It is late on December 22, the last working day before Christmas, and
everyone has gone home. I’m about to leave when I receive an alert
on my computer from a news service. I consider ignoring it, but for some
reason I don’t. When I open it I am met with news of the passing
of a giant within the boating business: Outboard Marine Corporation (OMC)
has announced it has filed for protection under Chapter 11 of the U.S.
Bankruptcy Code, will permanently furlough some 4,000 workers, and will
sell “some or all” of its engine and boat companies. Thus the
terse obituary for the company that virtually created powerboating.
The story of OMC is the story of the Industrial Age in microcosm. It started
in 1907 when Ole Evinrude invented the vertical-crankshaft outboard motor.
Two years later he formed the Evinrude Motor Company, then sold the company
in 1914. In 1921 Ole started the ELTO (Evinrude Light Twin Outboard) Motor
Company. Eight years later the Johnson brothers introduced the Johnson
Sea Horse, as Evinrude, ELTO, and Lockwood-Ash Motor Companies merged
to form Outboard Motor Company (OMC). In 1936 Johnson merged with OMC
to form the Outboard Marine and Manufacturing Company and in 1956 the
company changed its name to Outboard Marine Company.
OMC always excelled at engineering. It built the first production V-4
outboard (1958), the first loop-charged outboard (1968), the first production
V-6 (1976), and the first and only production V-8 (1985). But it was also
rooted in the Iron Age, something I observed firsthand in 1985 when I
toured OMC’s manufacturing facility in Waukegan, Illinois. It was
Vulcan’s Forge come to life, with muscular men in sleeveless shirts
toiling in near-darkness amid unimaginable cacophony and the smell and
heat of the foundry. Many of its industrial contemporaries were already
modernizing, but OMC seemed fixed in the past. Many believe this left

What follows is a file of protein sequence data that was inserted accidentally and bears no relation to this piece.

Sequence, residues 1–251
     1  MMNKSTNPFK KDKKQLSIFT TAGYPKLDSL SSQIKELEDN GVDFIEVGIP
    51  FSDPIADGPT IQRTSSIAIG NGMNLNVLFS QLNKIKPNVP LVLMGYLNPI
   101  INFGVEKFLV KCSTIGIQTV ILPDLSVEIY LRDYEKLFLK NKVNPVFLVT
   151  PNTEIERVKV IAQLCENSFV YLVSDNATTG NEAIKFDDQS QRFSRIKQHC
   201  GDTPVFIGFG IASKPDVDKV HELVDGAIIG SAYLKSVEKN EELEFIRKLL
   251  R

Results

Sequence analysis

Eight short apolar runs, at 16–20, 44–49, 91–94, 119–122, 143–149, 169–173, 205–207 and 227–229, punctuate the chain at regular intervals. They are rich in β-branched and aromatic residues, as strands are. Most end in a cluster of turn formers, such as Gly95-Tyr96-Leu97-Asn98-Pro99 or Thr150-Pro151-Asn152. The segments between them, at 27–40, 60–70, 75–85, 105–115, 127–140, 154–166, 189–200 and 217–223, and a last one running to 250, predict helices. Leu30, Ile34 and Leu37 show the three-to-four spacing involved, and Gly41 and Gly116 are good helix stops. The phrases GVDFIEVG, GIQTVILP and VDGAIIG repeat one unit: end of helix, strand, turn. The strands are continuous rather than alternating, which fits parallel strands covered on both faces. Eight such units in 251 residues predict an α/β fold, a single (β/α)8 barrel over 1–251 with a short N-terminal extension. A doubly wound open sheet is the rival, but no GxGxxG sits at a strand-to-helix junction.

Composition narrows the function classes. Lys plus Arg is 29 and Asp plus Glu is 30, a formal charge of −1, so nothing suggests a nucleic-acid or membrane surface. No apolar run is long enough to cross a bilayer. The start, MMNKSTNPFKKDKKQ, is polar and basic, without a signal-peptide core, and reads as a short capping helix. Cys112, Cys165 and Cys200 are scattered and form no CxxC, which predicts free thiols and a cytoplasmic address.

it with a burden from which it never recovered.
As its name implies, OMC was always focused on outboards. In the ‘70s
it challenged the successful MerCruiser stern drive with an iconoclastic
unit whose primary allure seemed to be avoiding the use of patented features.
It seemed like OMC believed the outboard would eventually supplant the
stern drive, and when it became clear it wouldn’t (and after a number
of key patents had expired), OMC introduced the Cobra. But MerCruiser
already owned 80 percent of the stern drive market and never relinquished
In 1986 OMC began purchasing boat companies, largely to keep pace with
Mercury Marine, which had been purchased by Brunswick Corporation, and
when the smoke cleared, some analysts believed Brunswick got the stronger
companies. True or not, from April 1996 to May 1997, Brunswick stock went
from about 22 to about 33, while OMC dropped from about 23 to slightly
more than 15.
Then in 1997 came OMC’s FICHT direct-injection outboard, which was
designed to meet new, more stringent emissions regulations and compete
head-on with Mercury Marine’s OptiMax. OMC, which had lost outboard
market share, was counting on FICHT to help it rebound, but the motors
were plagued by operational difficulties, and as a result sales—and
the company’s image—suffered a devastating blow. A series of
reorganizations and cash infusions followed, but it was too late.
It is unknown who will eventually end up owning what parts of OMC; Harley-Davidson,
Volvo Penta, and Yamaha have all been mentioned as buyers of the engine
division. In any case, why should we mourn the passing of another outdated
industrial giant, for the passing of OMC is proof that capitalism works.
Yet I’m deeply saddened that 4,000 men and women had to lose their
jobs, and I find it equally depressing that a company once so grand may
soon be gone with barely a trace. It’s like watching a proud ship
finally sink beneath the waves.